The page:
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Marburg/GER
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Hallo,
I have just ordered my Arduino and started to work on programming a bit. Well... I am quite new to Microprocessors and my c-experince is some years back. So sorry if I got something wrong (just tell me).

My problem is:
I get a datastream from a Sensor (Cloud Droplet Probe) as a 156byte hex stream via serial.read. The datatypes are mixed up (uint, ulong, char, (fancy 48 bit unsigned Extra long which wont be accessible I think). The data will be stored in an byte array of that size to manipulate it.
Well, the problem is that the byte orders are a bit crossed like it seems. ulong has byteorder 2,3,0,1 for example. I would like to assigne these values from the fields of the array to their appropriate belonging in the variabales.
For example:
Bin2Count is given by byte 38 to byte 41 in the stream and so I would like to assign
unsigned long Bin2Count[2]=data[38];
unsigned long Bin2Count[3]=data[39];
unsigned long Bin2Count[0]=data[40];
unsigned long Bin2Count[1]=data[41];

http://www.dropletmeasurement.com/manuals/Hardware%20Manuals/DOC-0029%20CDP%20Manual.pdf  Page 33 shows the Byteorder.


Thanks in advance for your help.

I think appending to a string wouldn't work, because an unsigned long is an unsigned long and no string. Or maybe is it possible to create binary strings and append them? But as far as I remember conversions between characters and int weren't that nice.
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You can declare union, look at this as example:
http://arduino.cc/forum/index.php/topic,66206.0/topicseen.html
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You could also use some bitshifting and OR a few bytes into a long:

Code:
uint32_t bigNumber = (data[40] << 0) | (data[41] << 8) | (data[38] << 16) | (data[39] << 24); // uint32_t is unsigned 32-bit long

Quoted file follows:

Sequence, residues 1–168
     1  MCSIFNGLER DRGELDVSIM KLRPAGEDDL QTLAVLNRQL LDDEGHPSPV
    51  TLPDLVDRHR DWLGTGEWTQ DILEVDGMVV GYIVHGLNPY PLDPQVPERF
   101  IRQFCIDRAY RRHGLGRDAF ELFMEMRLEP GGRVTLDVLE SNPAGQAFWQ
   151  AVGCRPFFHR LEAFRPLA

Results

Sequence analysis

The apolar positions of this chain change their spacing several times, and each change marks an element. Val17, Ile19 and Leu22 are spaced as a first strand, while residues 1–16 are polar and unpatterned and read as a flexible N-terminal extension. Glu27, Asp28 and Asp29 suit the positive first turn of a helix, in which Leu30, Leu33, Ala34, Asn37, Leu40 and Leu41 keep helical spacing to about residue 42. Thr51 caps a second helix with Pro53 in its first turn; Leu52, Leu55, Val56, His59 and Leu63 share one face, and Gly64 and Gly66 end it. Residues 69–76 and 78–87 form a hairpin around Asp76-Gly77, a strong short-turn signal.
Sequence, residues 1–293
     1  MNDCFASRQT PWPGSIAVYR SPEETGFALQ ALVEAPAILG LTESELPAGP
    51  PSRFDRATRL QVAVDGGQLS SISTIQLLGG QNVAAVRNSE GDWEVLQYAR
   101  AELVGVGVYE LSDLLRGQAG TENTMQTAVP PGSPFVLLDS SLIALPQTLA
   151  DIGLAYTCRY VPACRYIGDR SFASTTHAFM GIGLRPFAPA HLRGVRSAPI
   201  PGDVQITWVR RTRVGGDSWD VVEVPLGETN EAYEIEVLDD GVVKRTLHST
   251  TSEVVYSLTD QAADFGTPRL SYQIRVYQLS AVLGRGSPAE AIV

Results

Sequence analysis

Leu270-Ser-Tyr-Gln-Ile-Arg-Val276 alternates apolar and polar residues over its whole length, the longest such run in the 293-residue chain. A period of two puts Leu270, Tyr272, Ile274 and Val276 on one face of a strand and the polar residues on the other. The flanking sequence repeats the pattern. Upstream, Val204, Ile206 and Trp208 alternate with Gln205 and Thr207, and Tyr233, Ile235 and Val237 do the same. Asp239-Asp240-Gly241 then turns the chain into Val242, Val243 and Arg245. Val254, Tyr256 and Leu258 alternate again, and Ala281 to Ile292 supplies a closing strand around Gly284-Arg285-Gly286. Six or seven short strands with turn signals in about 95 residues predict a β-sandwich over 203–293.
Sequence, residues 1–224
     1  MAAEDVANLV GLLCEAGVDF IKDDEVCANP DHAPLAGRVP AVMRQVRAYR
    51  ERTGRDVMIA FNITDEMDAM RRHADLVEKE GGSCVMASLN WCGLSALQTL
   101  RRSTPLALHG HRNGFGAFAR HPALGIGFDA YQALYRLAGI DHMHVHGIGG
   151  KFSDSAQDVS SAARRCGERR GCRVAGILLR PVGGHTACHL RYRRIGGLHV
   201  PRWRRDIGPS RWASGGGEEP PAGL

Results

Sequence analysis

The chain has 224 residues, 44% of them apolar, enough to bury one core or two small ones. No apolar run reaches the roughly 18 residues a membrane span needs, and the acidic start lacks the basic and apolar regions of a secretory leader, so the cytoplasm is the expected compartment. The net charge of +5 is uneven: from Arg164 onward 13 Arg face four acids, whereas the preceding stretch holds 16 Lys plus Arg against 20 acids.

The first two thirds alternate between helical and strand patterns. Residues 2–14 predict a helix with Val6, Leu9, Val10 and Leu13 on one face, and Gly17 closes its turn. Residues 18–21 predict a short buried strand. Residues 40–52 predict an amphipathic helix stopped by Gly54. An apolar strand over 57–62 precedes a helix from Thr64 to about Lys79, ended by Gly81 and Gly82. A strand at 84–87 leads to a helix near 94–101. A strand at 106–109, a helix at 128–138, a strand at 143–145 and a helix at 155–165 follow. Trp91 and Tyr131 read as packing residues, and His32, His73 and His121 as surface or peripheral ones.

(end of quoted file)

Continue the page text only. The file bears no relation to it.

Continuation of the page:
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Ah Ok,
thank you (both). So I have two Ideas.
The Union construct looks nice and quite clear in structure (although it's new to me).

Thanks a lot!

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Quote
Well, the problem is that the byte orders are a bit crossed like it seems. ulong has byteorder 2,3,0,1 for example

you could define functions to do the above bitshifting for every place where an ulong (U32) or uint (U16) is located, and then reading can be done in a loop as according to the spec the bincounts are at regular intervals.

Some snippets:
Code:
uint32_t getU32( int pos)
{
  uint32_t val = data[pos+2] | (data[pos+3] << 8) | (data[pos] << 16) | (data[pos+1] << 24);
  return val;
}

uint16_t getU16( int pos)
{
  uint16_t val = data[pos] | (data[pos+1] << 8); // might need to be swapped
  return val;
}

........ somewhere in your code ......

unsigned long binCount[29]; // array to hold all the binCounts.
for (int i=1; i<29; i++)
{
  binCount[i] = getU32(30 + 4*i);  // when i=1, it starts at pos = 34, when i=2, pos = 38 etc.
  Serial.println(binCount[i]);
}
// process the binCountsArray

uint16_t averageTransit = getU16(25);
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Rob Tillaart

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you could define functions to do the above bitshifting for every place where an ulong (U32) or uint (U16) is located, and then reading can be done in a loop as according to the spec the bincounts are at regular intervals.

Some snippets:
....


Thanks robtillaart.... it confused me at first sight a bit, but it's clear now. That's been the way I had in mind (otherwise the code would be a bit crowded). I want to use a for loop to acess all bigger packages like BinCount and PBP data.
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is there any reason that the 156-byte array can't be a structure?  That is...

struct something
{
    unsigned char upfront[40];  // the first 40 bytes (re-define as needed)
    unsigned long ulTheData;  // the data I want (byte-flip as needed)
    .... (etc.)
};

Then you reference the data directly, read directly into the structure or declare a pointer to it and assign the address of your data buffer like  "something *pS = (something *)buffer;" and reference members like "pS->ulTheData".  No more problems extracting things from the data using byte offsets.

And, if you need to byte-flip an unsigned long from 'high endian' to 'low endian' you can use this:

unsigned long byteflip(unsigned long TheValue)
{
  union
  {
    unsigned char c[4];
    unsigned long l;
  } a, b;

  b.l = TheValue;
  a.c[0] = b.c[3];
  a.c[1] = b.c[2];
  a.c[2] = b.c[1];
  a.c[3] = b.c[0];

  return a.l;
}

last I checked the above function compiles VERY TIGHT.  Should be part of the library, maybe as 'ntohl' in the Ethernet library [that's where I made use of it, FYI]

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A structure would be nice, but first I would like to keep it straight forward to get a running application to use for our probe (fog will be comming soon smiley-wink)
When that is running I take another board and go on to make the code smooth.

..want to have a basic running version first not to loose any time smiley-wink

so, thanks for your suggestion. Could be something to try out later.
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